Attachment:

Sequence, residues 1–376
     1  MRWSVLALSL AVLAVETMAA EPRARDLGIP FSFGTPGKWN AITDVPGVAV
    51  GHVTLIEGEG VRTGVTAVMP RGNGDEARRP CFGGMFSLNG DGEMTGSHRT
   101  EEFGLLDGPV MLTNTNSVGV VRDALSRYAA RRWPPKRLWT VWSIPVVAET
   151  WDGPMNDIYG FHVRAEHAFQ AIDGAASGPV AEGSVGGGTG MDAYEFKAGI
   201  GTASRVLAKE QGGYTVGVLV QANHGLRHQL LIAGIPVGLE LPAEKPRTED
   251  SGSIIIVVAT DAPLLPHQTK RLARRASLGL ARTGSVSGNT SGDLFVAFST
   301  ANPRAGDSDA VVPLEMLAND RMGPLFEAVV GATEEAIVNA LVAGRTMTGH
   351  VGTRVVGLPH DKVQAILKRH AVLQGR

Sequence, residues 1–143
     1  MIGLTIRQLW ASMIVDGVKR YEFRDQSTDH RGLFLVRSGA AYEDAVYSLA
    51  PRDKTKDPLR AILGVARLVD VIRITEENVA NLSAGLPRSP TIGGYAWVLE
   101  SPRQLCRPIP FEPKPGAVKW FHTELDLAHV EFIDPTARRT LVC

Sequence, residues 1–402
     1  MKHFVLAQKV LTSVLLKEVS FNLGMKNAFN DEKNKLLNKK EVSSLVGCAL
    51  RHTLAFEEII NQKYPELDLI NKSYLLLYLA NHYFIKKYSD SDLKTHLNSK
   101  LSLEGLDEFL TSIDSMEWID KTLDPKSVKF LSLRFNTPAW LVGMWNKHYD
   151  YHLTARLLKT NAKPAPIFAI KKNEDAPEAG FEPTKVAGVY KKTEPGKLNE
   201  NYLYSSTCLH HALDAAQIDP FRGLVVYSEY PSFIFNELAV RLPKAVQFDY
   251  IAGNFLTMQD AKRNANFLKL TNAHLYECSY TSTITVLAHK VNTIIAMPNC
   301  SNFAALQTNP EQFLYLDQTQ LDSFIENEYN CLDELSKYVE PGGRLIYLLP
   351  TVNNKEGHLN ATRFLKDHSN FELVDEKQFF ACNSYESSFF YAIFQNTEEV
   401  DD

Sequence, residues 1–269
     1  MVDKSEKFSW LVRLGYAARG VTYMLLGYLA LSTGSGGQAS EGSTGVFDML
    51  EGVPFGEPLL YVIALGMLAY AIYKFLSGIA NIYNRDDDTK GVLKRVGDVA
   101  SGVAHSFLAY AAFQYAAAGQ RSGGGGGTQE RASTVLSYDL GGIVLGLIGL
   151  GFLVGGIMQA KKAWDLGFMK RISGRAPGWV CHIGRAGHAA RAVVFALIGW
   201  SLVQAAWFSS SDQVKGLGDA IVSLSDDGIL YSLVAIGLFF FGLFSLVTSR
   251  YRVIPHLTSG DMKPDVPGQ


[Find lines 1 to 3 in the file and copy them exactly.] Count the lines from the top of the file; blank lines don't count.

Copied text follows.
Sequence, residues 1–376
     1  MRWSVLALSL AVLAVETMAA EPRARDLGIP FSFGTPGKWN AITDVPGVAV
    51  GHVTLIEGEG VRTGVTAVMP RGNGDEARRP CFGGMFSLNG DGEMTGSHRT